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California’s Future: K-12 Education

Laura Hill, Niu Gao, Paul Warren | January 2019


California educates more than 6 million children in its K–12 public schools. More than half of these students are economically disadvantaged. Almost a quarter are English Learners (ELs), compared with fewer than one in ten nationwide. In order to better serve its student population, the state has enacted several reforms in recent years—and state funding for K–12 education has increased for seven consecutive years. The state adopted new educational standards in math (2010), English (2010), science (2013), English-language development (2012), and computer science (2018) and has been revamping its assessment system accordingly. In addition, the state finished implementing the Local Control Funding Formula (LCFF), which was enacted in 2013 to simplify school finance, increase funding for high-need (low-income, EL, and foster youth) students, and revamp school accountability.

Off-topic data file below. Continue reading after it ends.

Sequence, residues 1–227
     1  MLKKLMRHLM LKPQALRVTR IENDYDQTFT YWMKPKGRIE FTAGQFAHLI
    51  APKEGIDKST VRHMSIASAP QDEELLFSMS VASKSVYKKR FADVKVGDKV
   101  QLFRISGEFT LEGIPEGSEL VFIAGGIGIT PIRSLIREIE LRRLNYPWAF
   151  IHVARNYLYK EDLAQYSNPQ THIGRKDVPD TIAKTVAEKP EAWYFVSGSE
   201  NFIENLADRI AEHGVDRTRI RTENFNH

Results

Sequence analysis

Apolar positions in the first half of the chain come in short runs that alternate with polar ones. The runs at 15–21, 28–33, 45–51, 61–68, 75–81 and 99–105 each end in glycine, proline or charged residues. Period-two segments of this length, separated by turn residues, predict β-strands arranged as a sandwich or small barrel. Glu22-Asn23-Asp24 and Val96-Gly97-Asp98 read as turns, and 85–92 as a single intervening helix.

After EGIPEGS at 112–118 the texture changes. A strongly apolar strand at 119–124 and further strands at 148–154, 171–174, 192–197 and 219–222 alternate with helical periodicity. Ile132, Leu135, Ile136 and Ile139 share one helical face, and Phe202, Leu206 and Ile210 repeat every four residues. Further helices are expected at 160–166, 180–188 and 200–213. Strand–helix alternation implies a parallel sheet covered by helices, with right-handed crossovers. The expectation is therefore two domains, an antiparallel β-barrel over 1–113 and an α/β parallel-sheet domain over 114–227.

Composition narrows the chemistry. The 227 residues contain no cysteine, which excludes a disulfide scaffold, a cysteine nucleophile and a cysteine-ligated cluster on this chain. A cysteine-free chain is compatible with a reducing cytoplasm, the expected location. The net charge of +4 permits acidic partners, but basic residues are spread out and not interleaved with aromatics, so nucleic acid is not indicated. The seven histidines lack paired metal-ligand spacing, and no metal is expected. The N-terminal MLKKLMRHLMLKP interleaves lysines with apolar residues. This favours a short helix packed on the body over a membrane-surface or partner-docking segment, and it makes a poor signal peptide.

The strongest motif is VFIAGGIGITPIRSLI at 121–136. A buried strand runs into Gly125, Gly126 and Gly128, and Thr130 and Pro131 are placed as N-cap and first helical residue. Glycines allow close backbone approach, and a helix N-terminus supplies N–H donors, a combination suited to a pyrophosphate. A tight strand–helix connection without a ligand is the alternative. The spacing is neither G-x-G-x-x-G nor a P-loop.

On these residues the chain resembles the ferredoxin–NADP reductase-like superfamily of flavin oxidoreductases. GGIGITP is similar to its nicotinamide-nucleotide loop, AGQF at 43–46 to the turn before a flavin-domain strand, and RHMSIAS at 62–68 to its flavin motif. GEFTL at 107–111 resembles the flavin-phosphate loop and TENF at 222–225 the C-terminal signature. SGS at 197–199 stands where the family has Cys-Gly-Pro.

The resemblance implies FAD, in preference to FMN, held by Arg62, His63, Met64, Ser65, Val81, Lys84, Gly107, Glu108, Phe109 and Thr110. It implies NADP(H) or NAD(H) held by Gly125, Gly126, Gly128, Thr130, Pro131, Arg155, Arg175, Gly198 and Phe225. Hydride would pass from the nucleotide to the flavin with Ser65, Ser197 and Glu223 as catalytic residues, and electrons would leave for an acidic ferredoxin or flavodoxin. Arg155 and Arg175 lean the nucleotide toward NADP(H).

The new governor brings a fresh perspective to the challenges facing K–12 education—as well as a focus on early childhood education. Governor Newsom will be asked to weigh in on proposals to strengthen district accountability for funding intended to help shrink achievement gaps. He is also likely to get requests for additional funding from districts facing very tight budgets. Finally, the Newsom administration will be implementing new federal laws that seek to improve low-performing schools and prepare students for college and careers.

This publication is part of a briefing kit that highlights our state’s most pressing long-term policy challenges in 11 key areas:

We gratefully acknowledge the support of the PPIC Corporate Circle and the PPIC Donor Circle.

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